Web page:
The Five Biggest Sleep Myths

by Martin Reed Patient Advocate

People often don’t give sleep the respect it deserves. They also often believe myths about sleep that are no more than old wives tales or flawed conventional wisdom. Read on to see which myths don't hold up.

Myth #1: Napping hinders ability to sleep at night

Napping, if done properly, will not hinder your nighttime sleep. In fact, it may instead give you the mental and physical boost you need to get through the day feeling energized. The key is not to take a nap longer than 20 minutes, and to nap earlier in the day.

Myth #2: Exercising late makes it hard to fall asleep

Actually, the opposite is true. Exercising late in the day may help you fall asleep faster and rest better. If your schedule doesn’t permit you to exercise until late, or if you just aren’t a morning person, don’t stop exercising, just monitor yourself. If you begin to feel that exercising late is affecting your sleep, move your start time up 15 to 30 minutes and see if that makes a difference.

Myth #3: It's normal to get sleepy and nod off during the day

While it’s normal to feel less energetic midway through the day, falling asleep at work, an event, or while waiting for your children at practice is not normal. It is a sign you are in sleep debt and your mind and body are feeling deprived. Occasionally, everyone will have a night when they are unable to get a night’s rest, but repeating this on a regular basis can lead to health problems.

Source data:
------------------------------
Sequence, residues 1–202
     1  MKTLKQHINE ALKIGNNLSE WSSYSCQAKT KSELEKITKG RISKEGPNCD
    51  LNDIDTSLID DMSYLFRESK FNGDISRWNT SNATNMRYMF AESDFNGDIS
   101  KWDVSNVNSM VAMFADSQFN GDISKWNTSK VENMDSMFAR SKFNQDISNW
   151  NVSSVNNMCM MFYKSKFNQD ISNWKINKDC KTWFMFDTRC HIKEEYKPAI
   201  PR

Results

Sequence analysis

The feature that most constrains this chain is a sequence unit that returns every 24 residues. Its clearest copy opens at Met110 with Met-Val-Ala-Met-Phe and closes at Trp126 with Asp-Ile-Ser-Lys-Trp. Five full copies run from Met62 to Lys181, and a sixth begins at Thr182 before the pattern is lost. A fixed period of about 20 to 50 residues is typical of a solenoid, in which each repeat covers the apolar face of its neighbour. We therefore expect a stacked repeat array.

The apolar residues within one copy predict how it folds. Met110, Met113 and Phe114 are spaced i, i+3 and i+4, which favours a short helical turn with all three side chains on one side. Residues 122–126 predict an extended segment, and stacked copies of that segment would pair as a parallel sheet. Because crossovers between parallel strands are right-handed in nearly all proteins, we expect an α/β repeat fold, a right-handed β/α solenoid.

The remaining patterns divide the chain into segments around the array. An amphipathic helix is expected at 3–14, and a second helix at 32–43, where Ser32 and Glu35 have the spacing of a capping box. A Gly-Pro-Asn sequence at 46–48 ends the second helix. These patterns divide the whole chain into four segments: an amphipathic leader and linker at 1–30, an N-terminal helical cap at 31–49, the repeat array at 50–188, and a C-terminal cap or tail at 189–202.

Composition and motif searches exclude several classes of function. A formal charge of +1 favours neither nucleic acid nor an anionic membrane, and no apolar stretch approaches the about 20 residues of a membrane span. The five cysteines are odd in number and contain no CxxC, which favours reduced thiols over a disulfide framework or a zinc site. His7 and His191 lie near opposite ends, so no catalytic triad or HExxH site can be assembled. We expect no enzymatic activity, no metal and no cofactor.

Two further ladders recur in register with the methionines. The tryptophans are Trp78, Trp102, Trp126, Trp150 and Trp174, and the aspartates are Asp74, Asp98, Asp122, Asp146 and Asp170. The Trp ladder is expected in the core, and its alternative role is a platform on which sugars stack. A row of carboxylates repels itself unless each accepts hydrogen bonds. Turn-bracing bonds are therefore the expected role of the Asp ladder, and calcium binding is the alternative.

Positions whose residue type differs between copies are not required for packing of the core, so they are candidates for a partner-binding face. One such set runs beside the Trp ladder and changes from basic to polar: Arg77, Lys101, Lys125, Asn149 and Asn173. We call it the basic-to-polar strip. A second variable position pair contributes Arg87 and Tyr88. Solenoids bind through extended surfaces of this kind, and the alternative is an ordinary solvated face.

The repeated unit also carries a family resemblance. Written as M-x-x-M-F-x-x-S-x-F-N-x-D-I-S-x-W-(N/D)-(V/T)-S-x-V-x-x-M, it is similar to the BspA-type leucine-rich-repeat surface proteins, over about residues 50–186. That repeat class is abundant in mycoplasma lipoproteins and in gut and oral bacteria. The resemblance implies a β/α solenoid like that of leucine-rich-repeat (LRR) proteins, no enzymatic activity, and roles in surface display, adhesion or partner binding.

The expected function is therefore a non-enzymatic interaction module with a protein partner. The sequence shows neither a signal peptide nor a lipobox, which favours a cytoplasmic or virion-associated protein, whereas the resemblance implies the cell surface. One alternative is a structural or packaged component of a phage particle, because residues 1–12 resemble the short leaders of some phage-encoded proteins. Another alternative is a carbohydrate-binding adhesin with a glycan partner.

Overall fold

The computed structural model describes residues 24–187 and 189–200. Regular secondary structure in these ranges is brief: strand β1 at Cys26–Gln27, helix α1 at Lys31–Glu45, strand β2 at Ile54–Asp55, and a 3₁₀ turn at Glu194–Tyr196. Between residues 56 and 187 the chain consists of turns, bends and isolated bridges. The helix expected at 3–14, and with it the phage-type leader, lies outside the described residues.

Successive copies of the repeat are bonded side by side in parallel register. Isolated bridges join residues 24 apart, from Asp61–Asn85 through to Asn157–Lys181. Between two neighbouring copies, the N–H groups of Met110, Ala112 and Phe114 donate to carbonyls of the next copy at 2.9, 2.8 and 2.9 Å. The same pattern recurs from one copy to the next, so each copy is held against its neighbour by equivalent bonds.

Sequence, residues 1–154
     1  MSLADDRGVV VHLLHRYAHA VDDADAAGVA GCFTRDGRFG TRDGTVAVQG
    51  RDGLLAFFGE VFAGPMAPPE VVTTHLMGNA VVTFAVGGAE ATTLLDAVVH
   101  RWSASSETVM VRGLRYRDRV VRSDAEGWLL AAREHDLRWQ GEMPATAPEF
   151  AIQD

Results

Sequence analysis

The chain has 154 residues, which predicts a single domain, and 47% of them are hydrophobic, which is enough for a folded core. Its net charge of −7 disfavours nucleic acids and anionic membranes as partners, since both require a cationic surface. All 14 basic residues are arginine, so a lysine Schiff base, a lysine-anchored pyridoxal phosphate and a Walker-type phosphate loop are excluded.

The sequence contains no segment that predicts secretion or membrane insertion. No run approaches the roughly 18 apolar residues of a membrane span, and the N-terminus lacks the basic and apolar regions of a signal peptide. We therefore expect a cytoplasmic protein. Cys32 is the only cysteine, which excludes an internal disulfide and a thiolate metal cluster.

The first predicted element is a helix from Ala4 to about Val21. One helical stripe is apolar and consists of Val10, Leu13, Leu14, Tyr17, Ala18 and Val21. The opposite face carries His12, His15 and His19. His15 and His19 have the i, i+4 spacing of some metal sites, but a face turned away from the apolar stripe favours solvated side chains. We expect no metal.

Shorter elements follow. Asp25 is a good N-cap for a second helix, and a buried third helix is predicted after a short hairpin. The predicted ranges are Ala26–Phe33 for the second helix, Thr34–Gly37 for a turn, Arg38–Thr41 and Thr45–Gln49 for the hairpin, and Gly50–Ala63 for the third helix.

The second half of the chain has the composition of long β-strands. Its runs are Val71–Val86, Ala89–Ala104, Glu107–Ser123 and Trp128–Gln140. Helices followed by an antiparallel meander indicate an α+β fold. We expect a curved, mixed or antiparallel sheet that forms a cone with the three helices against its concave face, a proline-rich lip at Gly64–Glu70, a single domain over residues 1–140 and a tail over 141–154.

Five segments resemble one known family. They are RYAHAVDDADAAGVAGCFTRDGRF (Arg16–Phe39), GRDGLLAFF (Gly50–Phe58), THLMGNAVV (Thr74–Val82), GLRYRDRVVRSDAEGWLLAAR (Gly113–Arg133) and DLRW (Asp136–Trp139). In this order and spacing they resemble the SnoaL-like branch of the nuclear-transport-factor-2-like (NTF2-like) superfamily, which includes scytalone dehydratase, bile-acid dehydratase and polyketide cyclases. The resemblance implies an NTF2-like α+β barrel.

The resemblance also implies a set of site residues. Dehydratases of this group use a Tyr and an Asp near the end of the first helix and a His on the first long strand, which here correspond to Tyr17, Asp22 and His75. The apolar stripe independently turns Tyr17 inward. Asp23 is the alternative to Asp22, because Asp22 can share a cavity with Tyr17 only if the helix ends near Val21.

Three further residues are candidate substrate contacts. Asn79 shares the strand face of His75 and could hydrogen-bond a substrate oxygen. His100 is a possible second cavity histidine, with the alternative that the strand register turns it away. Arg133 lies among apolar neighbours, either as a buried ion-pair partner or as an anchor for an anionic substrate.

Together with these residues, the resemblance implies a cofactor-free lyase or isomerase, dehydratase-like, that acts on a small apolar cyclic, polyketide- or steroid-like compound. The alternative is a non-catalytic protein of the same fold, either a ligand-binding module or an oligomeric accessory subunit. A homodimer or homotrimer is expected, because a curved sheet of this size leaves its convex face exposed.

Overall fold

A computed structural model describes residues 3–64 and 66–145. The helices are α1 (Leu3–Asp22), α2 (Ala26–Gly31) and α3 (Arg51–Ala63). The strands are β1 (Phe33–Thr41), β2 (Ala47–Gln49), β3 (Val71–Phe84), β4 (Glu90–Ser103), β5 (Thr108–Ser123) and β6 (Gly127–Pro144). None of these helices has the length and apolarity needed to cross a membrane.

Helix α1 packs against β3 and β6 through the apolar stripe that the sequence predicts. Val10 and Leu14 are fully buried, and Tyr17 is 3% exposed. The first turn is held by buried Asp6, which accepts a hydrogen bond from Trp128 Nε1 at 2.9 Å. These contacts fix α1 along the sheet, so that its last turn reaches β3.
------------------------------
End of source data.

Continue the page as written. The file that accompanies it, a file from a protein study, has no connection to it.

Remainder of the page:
Myth #4: If you're dealing with insomnia, go to bed earlier

This is not good advice. In fact, going to bed earlier may exacerbate the problem. Many sleep specialists advise you to do the opposite if you are dealing with insomnia--try going to bed an hour later than normal. This will make your need for sleep greater and it can keep you from tossing and turning.

Myth #5: Losing sleep really isn't that bad

Don’t believe the lie, losing sleep is bad for you. Losing less than even two hours of sleep a night can reduce alertness by 35 to 40 percent. This impairs your thinking ability, memory, and can put you at risk for accidents on and off the road. Going without sleep over an extended period can also have a disastrous impact on your mental and physical health.

Martin Reed
Meet Our Writer
Martin Reed

Martin is the creator of Insomnia Coach, an eight-week course that combines online sleep education with individual sleep coaching. His course helps clients improve their sleep so they can enjoy a better life with more energy and start each day feeling happy, healthy, rested, and refreshed. Martin also runs a free sleep training course that has helped over 5,000 insomniacs. He holds a master’s degree in health and wellness education and studied clinical sleep health at the University of Delaware.